Julie Kraulis

JulieKraulisHeadShot1. How did you come to the story in Whimsy’s Heavy Things?

The idea for this story was in the works long before I knew it. I drew on inspiration taken from my own life. The creative journey is a grand one, because it’s often one of passion, but it’s not without it’s heavy things. In pursuit of dreams, there is plenty of risk, sacrifice, and struggle along the way. I decided to create a metaphorical story based on things I had been learning and living. I am drawn to contrast and discord; in this case, I thought the idea of whimsy inhibited by heavy things would make for an interesting story.

2. What makes Whimsy a strong girl in your view?

Her grit, resilience. Whimsy’s strength is her willingness to keep problem solving her heavy things. She tries five different things and fails five times but after allowing herself a moment to feel sad and discouraged, she presses on and eventually discovers how to make her heavy things good and light. I love the idea of making bad things good, heavy things light. The nature of Whimsy’s strength is something I am always seeking.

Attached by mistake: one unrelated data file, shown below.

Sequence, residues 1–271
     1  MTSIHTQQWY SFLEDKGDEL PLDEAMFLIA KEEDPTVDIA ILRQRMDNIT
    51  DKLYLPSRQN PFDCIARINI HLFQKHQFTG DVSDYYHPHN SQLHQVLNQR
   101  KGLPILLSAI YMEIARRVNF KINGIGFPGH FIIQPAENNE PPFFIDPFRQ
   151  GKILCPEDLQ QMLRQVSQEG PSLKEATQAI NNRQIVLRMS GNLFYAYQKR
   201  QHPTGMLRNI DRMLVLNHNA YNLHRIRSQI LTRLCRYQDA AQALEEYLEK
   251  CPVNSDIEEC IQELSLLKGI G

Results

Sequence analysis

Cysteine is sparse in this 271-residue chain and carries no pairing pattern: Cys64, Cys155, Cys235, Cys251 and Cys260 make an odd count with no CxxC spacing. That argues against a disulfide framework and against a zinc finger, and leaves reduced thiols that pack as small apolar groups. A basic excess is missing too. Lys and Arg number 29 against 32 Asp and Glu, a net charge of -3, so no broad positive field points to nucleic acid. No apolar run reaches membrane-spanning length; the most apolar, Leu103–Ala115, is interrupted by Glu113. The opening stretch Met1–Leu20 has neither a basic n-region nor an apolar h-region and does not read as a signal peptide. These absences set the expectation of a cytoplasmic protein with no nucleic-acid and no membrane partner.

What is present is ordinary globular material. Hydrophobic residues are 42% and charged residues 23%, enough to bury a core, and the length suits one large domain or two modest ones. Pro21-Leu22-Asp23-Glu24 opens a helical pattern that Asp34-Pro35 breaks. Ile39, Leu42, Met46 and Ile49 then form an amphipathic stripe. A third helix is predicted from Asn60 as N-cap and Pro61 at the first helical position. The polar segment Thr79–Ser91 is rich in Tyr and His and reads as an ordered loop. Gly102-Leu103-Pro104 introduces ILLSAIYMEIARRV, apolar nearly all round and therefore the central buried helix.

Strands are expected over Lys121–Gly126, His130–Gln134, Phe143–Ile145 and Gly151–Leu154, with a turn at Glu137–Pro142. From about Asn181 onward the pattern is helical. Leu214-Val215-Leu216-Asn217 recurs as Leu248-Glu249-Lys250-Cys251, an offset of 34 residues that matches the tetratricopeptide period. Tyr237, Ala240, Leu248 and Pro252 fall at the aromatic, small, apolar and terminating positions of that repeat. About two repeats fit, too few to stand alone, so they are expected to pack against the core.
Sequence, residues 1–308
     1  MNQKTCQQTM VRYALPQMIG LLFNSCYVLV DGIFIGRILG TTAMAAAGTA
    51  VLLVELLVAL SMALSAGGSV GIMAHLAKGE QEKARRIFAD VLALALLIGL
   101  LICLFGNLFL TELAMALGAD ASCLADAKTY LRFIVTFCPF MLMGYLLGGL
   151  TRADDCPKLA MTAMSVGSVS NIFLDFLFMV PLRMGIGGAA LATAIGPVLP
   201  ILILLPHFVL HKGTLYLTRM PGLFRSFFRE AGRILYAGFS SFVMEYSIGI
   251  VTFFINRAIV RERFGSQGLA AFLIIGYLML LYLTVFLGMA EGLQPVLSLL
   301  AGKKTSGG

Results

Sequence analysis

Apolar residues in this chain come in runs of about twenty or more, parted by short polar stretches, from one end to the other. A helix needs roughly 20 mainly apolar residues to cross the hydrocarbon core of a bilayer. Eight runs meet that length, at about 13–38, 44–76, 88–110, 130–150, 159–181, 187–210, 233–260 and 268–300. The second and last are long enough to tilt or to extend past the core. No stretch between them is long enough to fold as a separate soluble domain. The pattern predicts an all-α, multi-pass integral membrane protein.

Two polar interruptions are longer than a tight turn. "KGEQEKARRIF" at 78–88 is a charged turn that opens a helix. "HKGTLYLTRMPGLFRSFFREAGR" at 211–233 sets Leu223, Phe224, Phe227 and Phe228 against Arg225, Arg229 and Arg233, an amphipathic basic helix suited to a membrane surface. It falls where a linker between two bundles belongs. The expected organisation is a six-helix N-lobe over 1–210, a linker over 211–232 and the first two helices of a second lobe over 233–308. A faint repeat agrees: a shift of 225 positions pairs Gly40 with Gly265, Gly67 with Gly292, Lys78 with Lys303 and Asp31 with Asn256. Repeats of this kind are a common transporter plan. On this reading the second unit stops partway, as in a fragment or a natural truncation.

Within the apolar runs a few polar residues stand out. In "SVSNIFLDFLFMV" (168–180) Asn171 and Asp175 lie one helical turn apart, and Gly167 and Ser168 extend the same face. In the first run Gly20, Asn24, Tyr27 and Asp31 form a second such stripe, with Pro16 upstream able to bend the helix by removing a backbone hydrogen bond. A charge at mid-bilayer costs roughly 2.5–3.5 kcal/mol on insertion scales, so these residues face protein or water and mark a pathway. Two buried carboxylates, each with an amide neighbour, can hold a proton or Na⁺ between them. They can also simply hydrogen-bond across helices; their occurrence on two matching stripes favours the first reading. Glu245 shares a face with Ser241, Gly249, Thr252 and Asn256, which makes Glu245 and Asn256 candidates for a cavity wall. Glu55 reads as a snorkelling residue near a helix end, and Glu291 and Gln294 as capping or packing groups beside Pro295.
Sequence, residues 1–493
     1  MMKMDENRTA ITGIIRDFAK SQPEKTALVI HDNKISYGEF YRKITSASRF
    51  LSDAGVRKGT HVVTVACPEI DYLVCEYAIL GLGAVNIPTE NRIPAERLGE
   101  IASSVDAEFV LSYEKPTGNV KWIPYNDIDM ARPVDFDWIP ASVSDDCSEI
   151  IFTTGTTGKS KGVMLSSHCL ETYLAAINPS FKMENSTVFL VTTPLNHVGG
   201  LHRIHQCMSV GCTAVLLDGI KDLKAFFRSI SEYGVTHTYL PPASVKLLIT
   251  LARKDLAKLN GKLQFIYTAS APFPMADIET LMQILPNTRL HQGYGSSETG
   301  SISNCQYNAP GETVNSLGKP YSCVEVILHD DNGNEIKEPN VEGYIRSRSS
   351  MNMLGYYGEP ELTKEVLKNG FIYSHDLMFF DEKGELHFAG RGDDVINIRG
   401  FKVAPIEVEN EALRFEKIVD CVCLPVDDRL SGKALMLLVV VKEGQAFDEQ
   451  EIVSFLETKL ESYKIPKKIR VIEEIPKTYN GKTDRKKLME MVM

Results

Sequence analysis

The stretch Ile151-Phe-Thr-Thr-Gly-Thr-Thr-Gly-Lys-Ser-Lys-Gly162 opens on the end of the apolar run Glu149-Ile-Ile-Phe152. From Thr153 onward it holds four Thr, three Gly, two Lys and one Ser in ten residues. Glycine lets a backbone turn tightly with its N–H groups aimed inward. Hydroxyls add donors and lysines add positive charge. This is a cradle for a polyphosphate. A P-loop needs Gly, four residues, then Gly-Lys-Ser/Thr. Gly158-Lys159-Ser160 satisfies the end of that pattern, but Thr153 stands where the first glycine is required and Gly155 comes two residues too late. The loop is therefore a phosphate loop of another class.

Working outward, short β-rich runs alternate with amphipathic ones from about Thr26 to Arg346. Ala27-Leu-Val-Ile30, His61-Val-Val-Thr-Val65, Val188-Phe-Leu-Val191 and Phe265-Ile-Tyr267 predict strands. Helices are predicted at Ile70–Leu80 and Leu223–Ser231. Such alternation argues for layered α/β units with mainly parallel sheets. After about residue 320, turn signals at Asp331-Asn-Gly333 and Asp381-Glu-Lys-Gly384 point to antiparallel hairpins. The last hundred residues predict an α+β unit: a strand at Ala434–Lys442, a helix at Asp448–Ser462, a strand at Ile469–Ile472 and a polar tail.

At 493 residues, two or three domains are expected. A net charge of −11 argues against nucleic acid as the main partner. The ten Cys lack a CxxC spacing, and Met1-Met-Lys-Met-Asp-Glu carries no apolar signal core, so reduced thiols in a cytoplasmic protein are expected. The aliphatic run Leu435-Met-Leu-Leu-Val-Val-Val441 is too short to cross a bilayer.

3. What was the biggest challenge of writing about sadness in picture book format?

Perhaps trying to make sadness, that heavy feeling, relatable. No one is exempt from heavy things but we all experience them differently. The challenge was to represent the emotion in a manner that would keep it open for interpretation, giving the reader space to fill in their story.

4. Finish this sentence: Strong girls… find ways to make heavy things light.

 5. Do you have a favorite illustration in the book? If so, which one and why?  

I have two favourite illustrations in the book. The first one is the image of the heavy things tied to the kite. I have always loved meadows, especially wind-swept ones. I love them for their free and wild nature, the diversity within. The second one is the image of Whimsy swimming underwater with the heavy things on the seabed. This scene is taken directly from the beach and water at my family cottage on Georgian Bay. I spent countless hours every summer, exploring underwater with my younger sister, creating synchro shows, floating on boats and whatnot. The colours, mood, and lighting in this image are exactly what it looks and feels like in real life.Illustration-Toronto-WhimsysHeavyThingsSunk1

6. What are you working on next?

 My next book, An Armadillo In Paris, comes out this fall with Tundra Books. It’s about a travelling armadillo named Arlo. His first adventure takes him to Paris to discover the city and to meet the one the French call La Dame de Fer, or Iron Lady.

 

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